After a long and close inspection of his back trail for party of pursuers, he rested for some time in a jungle of high buck brush and ate some of the cooked meat which he had taken from the fires of the Mandans.  Much refreshed, and after another survey of the slopes and valleys from which he had come, he started once more upon his long journey.  He now made his way to a long, gentle slope; threw off his buffalo robe and started to sing.  The song was in honor of his comrades and of their bravery and death and, after calling loudly each man by name, he raised his arms to the south and promised Wakantonka (The Great Mystery) that, as he had already taken a public vow to make the Sun Dance, if he should be fortunate enough to return from the war expedition with honor, in addition he would cut his arms and bleed in one hundred places when the vow was performed, and smoke seven pipes at seven different times. Together with fasting and purification ceremonies, if he were permitted to reach his people alive.

As Wounded with Arrow came up over a gentle hill a short time after his prayer had been made, he was started to see another man coming directly toward him.  He also was afoot, but did not appear to be armed; moreover, he was reeling like a sick man or one who was exhausted by starvation.  He rearranged his robe so it might be discarded easily and shifted his arrow pouch to a better position.  He was not afraid of any one man; he would not turn aside or hide from one lone enemy, and held to his course.  The other man had not appeared to fear him, either, and neither did he turn aside and, as they approached each other, both watched the other closely.  Wounded with Arrow identified the other man as an Arikara from the manner in which he wore his hair, and could see that he was bloody and had been wounded in a fight.  The two men passed within ten paces, and it was only when they had passed that Wounded with Arrow saw a large knife sticking in the naked back of the Arikara.  He had a right to kill him or let him live, so he permitted the stranger to keep on his way, and he was soon lost to sight among the folds of the prairie hills.

Late that evening the Sioux came to the scantily-timbered south branch of the Knife river and was fortunate enough to kill a small rabbit and a number of prairie chickens in a snow-covered brush pile on the edge of a steep-cut bank.  There was the framework of an abandoned summer camp close by and the willow top and sides were covered with snow and afforded some protection, so he entered and decided to spend the night there.  But presently he heard voices and, listening intently, he was surprised to hear his own companions talking. “Now. This is the place and here is our brother, Wounded with Arrow.  He has beaten us to this old camp.  We are all together now.  He will be glad to see us.  Perhaps he has something to eat.  We will send some messages to our relatives.  He will tell them how bravely we died.  Let us go in at once and feast and rest with him.”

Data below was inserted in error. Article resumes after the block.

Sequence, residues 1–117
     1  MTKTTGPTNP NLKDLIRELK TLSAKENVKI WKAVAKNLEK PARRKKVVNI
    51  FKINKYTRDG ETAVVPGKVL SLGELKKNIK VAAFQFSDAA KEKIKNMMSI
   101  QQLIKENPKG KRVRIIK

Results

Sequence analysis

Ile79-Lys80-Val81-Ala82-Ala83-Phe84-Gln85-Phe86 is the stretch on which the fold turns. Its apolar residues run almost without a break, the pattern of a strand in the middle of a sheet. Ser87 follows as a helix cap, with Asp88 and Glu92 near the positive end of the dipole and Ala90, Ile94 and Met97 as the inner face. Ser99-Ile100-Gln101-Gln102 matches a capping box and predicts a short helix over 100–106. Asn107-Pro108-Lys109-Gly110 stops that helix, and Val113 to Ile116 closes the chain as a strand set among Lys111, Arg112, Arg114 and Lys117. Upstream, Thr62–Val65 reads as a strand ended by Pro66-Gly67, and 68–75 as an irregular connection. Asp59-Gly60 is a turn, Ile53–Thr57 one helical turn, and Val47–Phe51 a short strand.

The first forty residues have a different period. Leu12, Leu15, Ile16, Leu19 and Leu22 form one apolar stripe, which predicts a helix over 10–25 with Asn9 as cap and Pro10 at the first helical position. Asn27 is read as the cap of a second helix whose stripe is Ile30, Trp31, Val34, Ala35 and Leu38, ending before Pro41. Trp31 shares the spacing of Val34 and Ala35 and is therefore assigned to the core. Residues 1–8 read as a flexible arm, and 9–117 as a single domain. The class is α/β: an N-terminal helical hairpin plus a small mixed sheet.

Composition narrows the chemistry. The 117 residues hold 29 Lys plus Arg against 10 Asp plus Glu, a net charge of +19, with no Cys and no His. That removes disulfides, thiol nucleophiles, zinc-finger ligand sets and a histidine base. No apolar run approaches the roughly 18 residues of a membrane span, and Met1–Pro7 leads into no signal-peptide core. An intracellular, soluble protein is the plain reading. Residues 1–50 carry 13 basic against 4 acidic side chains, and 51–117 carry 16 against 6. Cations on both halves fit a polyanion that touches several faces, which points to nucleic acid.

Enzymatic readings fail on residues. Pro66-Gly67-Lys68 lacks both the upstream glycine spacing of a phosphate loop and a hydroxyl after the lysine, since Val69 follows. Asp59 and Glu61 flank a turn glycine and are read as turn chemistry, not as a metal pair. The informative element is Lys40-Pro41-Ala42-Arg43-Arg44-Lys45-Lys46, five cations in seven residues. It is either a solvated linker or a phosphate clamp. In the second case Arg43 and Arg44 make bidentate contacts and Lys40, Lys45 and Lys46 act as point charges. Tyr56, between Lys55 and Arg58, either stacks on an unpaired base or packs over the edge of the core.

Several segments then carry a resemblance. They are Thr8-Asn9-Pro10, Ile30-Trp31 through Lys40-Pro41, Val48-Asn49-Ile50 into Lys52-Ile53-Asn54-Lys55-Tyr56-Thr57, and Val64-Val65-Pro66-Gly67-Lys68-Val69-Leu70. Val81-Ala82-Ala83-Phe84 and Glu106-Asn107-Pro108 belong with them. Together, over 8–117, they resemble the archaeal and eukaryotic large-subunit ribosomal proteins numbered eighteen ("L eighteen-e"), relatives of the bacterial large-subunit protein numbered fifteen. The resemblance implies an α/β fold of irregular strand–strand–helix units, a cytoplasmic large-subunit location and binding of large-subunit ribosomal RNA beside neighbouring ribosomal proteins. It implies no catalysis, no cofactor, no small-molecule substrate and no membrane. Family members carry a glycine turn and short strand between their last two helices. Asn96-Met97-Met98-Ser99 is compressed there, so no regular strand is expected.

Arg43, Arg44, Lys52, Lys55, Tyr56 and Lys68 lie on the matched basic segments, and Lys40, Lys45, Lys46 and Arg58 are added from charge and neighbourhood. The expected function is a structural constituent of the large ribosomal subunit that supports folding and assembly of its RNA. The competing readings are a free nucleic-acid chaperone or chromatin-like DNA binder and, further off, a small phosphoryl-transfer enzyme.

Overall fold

He rushed out of the place and looked around.  There was no one in sight.  Frightened by these spirit voices, he once more started for the south and, a few days later, staggered into a camp of his own people in the Porcupine country, south of Iyan Wakan Gapi Wakpe (Holy Idol Stone River  – the Cannon Ball).  He was never able to tell the people anything of his journey after the voices of his dead comrades had come to him. For he could not recall a single incident after that time until he was discovered by a Sioux rider in the Porcupine Hills, far to the west of the Iyanboslaha (Standing Rock).

True to his word to Wakantonka, Wounded with Arrow took a principal part in the next Sun Dance, but his friends gave him many horses for the privilege of taking some of the cuts in his arms for him, so that now he bears but two rows of ten cuts each, upon either arm.

The site of the well-known Indian battle has been marked by the northern village people.  At every place where a dead Indian lay is a pile of stones.  These marking the spot where an Arikara was found, are built of white stones; the Mandan placed stones of a red color upon the graves of their dead warriors, and the Hidatsa use another color for theirs.  At the places where the five Sioux fell are mounds of stones of all colors, and thus do the northern Indians honor the bravery of the small band of  Sioux who attacked an entire village in the winter time, and the old men often sit together in the vicinity and talk in low, subdued voices of this party who died in battle, far from their own lodges, with songs in their hearts and bravery shining in their eyes.  And ever the turbid Missouri flows but the group of hills called the Saddle Buttes and the mounds of colored stones.


Story No. 4: “Last Hill Village” fight